Most of our WPIAL coverage on Steel City Blitz is objective coverage, discussing standings, playoff scenarios, and Games of the Week. This project is be something a little different – a first-person account of my family visiting different towns and stadiums throughout Western Pennsylvania. Two years ago I started the Tour of the WPIAL with visits to Rochester, Southmoreland, and West Greene. Unfortunately we weren’t able to make any visits in 2020 due to the COVID pandemic, but with fans allowed back in attendance this year, the Tour continues! After visiting Sto-Rox last week, we made the trip north to Lawrence County this week for another 2A showdown.
Municipalities: Hickory Twp, Scott Twp, Slippery Rock Twp
Laurel School District is a rural district located to the northeast of New Castle in Lawrence County. The area has a rich Native American history and was the seat of the Ohio Valley Regency of the Six Nations of Central New York. Lawrence County was settled primarily by German and Scotch-Irish immigrants in the 1790s. In 1798 John Carlisle Stewart, who was originally from the town of New Castle, Delaware, laid claim to the lands between the Shenango River and Neshannock River. This area would grow into the current city of New Castle, the Lawrence County seat. The Lawrence County Historical Society has records mentioning a log school house near Harlansburg as early as 1800. The town of Harlansburg is in present day Scott Twp, which is part of the Laurel School District. The area was originally part of Allegheny County, but in 1800 became split between Beaver and Mercer Counties when they were formed. In the 1820s there was a movement to create a new county. Finally on March 20, 1849, the Governor ratified the creation of the county, naming it for Captain James Lawrence who had been the hero of the Battle of Boston Bay in 1813. The 13 original townships of the county were Big Beaver, Little Beaver, Mahoning, Neshannock, North Beaver, North Sewickley, North Slippery Rock, Perry, Pulaski, Shenango, Slippery Rock, Wayne, and Wilmington.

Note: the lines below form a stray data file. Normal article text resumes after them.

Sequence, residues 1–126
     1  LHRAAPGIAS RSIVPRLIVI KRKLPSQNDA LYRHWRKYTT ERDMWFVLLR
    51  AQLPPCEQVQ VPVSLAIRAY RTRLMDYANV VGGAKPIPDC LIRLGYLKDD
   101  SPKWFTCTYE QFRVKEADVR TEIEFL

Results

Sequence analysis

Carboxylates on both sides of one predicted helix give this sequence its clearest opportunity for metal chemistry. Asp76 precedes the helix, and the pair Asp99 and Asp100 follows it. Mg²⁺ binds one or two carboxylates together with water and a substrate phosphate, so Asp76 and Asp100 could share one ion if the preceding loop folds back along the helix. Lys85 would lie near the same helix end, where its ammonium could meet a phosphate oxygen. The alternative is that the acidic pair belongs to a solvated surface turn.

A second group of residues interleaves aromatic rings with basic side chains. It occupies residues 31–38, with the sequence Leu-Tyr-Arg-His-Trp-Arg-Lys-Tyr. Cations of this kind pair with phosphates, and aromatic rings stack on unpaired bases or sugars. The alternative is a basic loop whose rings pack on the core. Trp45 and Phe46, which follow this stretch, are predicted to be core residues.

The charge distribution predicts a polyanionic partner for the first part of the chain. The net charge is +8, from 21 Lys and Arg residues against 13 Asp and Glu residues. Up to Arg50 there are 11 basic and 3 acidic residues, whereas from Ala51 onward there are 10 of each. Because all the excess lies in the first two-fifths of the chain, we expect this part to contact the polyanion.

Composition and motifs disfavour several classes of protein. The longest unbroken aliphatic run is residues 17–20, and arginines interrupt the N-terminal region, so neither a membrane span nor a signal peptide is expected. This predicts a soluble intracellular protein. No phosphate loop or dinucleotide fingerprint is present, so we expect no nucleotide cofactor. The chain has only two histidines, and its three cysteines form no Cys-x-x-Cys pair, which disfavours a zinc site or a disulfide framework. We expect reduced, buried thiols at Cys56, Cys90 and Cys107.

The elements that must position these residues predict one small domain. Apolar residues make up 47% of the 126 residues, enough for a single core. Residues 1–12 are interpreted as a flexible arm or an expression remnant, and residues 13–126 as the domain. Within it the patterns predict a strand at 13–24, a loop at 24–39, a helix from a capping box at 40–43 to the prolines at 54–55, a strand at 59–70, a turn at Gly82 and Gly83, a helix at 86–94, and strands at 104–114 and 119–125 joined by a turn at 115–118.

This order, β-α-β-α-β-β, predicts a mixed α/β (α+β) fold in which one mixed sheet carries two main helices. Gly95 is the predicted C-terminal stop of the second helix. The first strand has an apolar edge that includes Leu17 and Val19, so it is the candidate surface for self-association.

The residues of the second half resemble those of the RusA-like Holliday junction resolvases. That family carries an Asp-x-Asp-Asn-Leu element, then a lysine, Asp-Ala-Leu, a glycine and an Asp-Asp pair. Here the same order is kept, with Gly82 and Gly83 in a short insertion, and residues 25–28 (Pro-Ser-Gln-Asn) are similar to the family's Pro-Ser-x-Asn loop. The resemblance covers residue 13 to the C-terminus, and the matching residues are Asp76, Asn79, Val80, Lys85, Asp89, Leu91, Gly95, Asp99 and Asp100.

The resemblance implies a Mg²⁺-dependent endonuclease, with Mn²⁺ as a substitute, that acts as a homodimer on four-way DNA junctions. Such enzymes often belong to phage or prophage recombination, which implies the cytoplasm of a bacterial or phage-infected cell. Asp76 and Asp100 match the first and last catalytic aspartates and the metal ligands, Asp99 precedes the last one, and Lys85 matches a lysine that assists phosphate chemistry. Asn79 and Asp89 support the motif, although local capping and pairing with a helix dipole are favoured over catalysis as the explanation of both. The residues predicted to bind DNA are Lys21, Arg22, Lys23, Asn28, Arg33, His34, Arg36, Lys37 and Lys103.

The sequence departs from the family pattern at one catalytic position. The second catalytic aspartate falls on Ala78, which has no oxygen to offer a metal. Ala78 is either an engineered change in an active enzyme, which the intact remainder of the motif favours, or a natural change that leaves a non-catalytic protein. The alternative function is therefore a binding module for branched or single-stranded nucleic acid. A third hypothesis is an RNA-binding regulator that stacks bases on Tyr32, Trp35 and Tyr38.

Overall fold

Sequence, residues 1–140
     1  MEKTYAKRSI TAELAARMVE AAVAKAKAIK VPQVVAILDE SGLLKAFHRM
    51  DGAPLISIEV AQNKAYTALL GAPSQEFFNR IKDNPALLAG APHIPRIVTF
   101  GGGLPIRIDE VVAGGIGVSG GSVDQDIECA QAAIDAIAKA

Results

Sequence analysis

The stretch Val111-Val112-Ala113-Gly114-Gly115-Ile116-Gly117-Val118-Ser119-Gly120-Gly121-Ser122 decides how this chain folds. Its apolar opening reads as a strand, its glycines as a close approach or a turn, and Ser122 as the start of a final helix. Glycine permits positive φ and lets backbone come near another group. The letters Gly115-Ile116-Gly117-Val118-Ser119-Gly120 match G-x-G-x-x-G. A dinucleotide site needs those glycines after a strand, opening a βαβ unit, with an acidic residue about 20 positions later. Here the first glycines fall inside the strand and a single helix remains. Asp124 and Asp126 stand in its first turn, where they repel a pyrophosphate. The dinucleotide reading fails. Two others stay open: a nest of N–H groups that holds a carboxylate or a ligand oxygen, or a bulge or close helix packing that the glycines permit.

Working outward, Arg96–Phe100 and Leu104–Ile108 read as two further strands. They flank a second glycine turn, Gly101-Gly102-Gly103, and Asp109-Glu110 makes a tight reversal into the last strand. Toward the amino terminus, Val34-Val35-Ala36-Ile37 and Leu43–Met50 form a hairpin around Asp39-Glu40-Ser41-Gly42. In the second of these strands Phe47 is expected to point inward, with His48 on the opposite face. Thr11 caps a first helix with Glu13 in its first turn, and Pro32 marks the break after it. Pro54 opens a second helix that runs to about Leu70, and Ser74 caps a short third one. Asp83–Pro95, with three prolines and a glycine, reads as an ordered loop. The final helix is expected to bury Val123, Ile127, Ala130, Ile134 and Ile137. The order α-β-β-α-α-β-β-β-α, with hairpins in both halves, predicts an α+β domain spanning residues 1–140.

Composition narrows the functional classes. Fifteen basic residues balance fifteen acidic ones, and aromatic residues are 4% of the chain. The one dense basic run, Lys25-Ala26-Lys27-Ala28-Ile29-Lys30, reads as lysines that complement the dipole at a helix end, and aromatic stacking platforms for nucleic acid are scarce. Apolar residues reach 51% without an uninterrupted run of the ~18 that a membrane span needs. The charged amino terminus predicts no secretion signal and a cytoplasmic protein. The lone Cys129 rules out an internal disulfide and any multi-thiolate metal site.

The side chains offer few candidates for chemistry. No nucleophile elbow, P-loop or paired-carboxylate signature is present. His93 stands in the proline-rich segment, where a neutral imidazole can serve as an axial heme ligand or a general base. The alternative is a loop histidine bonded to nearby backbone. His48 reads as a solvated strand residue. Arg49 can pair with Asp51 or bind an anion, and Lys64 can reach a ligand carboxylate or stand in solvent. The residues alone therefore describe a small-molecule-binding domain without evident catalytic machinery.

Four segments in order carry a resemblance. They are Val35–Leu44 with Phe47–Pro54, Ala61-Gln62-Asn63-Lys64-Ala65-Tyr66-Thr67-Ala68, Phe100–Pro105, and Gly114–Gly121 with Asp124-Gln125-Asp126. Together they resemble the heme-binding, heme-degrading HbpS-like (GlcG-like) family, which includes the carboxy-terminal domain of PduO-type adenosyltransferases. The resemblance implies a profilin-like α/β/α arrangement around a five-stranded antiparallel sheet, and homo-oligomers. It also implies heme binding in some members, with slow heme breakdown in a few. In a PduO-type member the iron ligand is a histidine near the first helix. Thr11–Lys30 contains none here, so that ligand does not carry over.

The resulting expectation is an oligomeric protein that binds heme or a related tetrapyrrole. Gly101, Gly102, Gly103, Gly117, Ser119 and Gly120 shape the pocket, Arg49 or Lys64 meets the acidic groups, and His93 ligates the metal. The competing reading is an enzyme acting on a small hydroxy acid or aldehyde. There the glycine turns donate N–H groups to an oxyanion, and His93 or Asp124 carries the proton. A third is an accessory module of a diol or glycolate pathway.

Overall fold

In 1852, Daniel Kennedy opened a gristmill along Slippery Rock Creek. The original mill was destroyed by a fire in 1868 but was rebuilt and sold to Thomas McConnell in 1875. McConnell replaced the water turbines and grindstones with rolling mills, making “McConnell’s Mill” one of the first rolling mills in the country. Near the mill sits a Howe truss covered bridge, spanning Slippery Rock Creek.
The bridge was built in 1874 and is one of just five covered bridges ever built in Lawrence County. The only other covered bridge remaining in the County is near Volant. The McConnell’s Mill Covered Bridge is one of only four remaining Howe truss bridges in the entire state of Pennsylvania. McConnell’s Mill closed in 1928. The mill building, the covered bridge, and the lands around Slippery Rock Creek transferred to the Western Pennsylvania Conservancy in 1942 and to the Commonwealth of Pennsylvania in 1957 when McConnell’s Mill State Park was dedicated. The mill building and covered bridge are located in Slippery Rock Twp, which is served by Laurel School District.